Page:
‘Oga wait. Make we go one side’. We walked a few meters away from his colleagues and got to way my sister was waiting. My sister greeted him and he reciprocated. They exchanged a few ‘pleasantries’ while I frowned (but they didn’t seem to take notice). The traffic warden insisted again that I should bring something (just like my friend said earlier) and that he would get my driver’s licence back for me. With about an hour of my life already wasted I just decided to part with N1,000 (less than $3) and to my surprise he pulled out my driver’s licence! To think that he lied and never actually went to drop it at the station in the first place. And worse still he asked for a bribe which I was forced to heed in order to get my licence….aaaargh! But the ID card sure got him rattled.
My sister and I walked back to my car and drove back home to gist about the whole ordeal. After that incident no one had to tell me to make a photocopy of my licence – that’s what I’ll be offering any official that accosts me on the road. At least that way I can drive off without ever looking back:)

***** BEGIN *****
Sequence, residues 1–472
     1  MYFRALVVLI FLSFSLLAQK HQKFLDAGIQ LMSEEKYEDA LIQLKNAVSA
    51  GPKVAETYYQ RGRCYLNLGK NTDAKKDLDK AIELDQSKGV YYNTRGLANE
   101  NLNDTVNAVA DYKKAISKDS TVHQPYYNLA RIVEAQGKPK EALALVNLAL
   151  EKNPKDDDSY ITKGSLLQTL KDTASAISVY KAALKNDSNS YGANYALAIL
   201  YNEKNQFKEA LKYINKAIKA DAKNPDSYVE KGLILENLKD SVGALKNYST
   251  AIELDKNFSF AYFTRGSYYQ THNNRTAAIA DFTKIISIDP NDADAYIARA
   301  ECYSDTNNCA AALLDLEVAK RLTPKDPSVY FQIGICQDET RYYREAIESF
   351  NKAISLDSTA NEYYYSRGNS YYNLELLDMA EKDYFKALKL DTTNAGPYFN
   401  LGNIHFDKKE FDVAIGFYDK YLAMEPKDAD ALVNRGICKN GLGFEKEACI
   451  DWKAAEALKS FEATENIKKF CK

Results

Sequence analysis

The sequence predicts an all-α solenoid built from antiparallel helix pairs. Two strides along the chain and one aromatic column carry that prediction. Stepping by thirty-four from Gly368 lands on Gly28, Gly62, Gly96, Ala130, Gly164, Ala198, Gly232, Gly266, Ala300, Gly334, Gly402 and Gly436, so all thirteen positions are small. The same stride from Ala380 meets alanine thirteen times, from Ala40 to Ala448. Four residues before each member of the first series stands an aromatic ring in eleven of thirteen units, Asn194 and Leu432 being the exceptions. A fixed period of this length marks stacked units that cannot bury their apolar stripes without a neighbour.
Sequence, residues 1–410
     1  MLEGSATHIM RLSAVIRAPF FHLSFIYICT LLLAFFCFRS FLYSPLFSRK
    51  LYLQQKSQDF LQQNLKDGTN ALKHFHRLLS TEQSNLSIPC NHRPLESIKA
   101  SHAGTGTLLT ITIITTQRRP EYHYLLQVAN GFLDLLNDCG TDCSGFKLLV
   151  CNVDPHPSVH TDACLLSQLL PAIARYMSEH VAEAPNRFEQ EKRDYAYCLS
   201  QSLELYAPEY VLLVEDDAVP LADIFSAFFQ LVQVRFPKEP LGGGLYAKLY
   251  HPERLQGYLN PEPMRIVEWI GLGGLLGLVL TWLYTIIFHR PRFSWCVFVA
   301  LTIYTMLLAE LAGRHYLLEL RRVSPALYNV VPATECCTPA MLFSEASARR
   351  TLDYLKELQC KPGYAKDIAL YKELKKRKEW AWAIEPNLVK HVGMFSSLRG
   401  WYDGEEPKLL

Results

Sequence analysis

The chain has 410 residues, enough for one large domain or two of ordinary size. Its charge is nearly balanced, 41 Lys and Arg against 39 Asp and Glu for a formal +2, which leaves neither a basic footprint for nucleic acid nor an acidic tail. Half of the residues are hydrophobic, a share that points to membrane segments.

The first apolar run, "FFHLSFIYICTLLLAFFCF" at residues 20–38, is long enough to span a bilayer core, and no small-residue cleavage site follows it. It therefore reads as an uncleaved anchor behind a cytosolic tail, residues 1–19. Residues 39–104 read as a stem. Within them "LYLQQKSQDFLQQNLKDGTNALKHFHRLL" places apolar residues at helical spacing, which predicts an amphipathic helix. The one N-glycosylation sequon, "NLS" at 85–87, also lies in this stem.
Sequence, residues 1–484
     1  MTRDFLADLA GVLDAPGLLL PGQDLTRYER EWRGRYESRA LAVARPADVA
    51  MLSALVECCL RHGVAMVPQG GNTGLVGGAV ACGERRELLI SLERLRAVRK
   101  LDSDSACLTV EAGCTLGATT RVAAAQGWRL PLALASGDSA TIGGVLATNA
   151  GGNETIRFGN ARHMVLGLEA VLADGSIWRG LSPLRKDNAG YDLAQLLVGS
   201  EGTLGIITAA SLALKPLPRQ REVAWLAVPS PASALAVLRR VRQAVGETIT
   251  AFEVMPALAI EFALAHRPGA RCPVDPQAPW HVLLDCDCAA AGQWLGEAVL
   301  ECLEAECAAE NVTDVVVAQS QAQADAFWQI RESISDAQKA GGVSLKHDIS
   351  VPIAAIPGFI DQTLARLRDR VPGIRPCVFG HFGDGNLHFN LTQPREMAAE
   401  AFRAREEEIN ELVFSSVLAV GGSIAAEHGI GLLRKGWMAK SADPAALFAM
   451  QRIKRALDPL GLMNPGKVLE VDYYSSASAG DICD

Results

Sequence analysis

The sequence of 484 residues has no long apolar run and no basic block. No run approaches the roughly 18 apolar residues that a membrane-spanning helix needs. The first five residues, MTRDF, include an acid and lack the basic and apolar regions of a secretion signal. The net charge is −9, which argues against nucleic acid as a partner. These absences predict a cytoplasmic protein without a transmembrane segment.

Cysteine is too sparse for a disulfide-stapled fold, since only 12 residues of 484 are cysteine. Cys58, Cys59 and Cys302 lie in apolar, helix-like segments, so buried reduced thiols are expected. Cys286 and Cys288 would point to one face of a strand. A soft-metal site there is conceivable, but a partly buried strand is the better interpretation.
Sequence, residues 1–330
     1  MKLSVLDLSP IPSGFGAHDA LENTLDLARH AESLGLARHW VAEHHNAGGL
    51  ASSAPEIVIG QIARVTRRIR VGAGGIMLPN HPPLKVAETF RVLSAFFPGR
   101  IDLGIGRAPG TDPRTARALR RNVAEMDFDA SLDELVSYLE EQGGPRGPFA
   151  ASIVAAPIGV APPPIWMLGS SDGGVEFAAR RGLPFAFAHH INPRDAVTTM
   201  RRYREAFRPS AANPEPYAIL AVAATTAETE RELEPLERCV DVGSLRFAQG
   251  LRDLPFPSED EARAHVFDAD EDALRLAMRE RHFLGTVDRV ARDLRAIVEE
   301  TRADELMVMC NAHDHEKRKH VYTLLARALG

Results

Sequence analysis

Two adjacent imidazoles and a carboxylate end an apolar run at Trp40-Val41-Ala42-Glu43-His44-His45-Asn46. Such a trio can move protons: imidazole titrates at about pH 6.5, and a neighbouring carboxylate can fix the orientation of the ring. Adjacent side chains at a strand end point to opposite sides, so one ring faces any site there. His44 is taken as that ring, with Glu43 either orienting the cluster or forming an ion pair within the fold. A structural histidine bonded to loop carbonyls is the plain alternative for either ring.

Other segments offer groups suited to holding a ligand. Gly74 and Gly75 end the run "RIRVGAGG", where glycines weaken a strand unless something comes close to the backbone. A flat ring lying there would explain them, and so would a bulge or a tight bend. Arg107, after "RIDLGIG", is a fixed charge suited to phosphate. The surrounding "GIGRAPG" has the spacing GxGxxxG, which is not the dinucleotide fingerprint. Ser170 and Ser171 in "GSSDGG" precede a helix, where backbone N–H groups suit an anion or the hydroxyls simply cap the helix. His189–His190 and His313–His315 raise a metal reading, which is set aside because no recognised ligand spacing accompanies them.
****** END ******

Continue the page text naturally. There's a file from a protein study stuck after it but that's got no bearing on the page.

When I was learning to drive in my late teens, the ‘qualified’ driving instructor advised that while driving I must assume that everyone else is drunk. Why? The logic was that if they were actually drunk then they wouldn’t drive properly. This would mean that they could run into me so I would have to be extra alert and preempt unforeseen accidents or close shaves. Unfortunately these words of wisdom didn’t pay off when I (allegedly) beat a non-existent traffic light and got stopped by a
drunk traffic warden.
The uniformed clown had actually beckoned the vehicle right in front of me to drive forward so I tailed it closely. Obviously I wasn’t close enough else I would have smashed the warden’s legs. I said to him, ‘But you told me to come’. However he denied it and said he told me to stop. He looked at me in shock when I started raising my voice and so he directed me to ‘park well’ (away from oncoming traffic). He came to the front passenger window and started to engage me in shit-chat (no typo) which I’ve heard all before. It started with, ‘Let me see your driver’s licence!’ Then after I handed it over and he pretended to understand what he was examining, the next thing he said was, ‘Open your door.’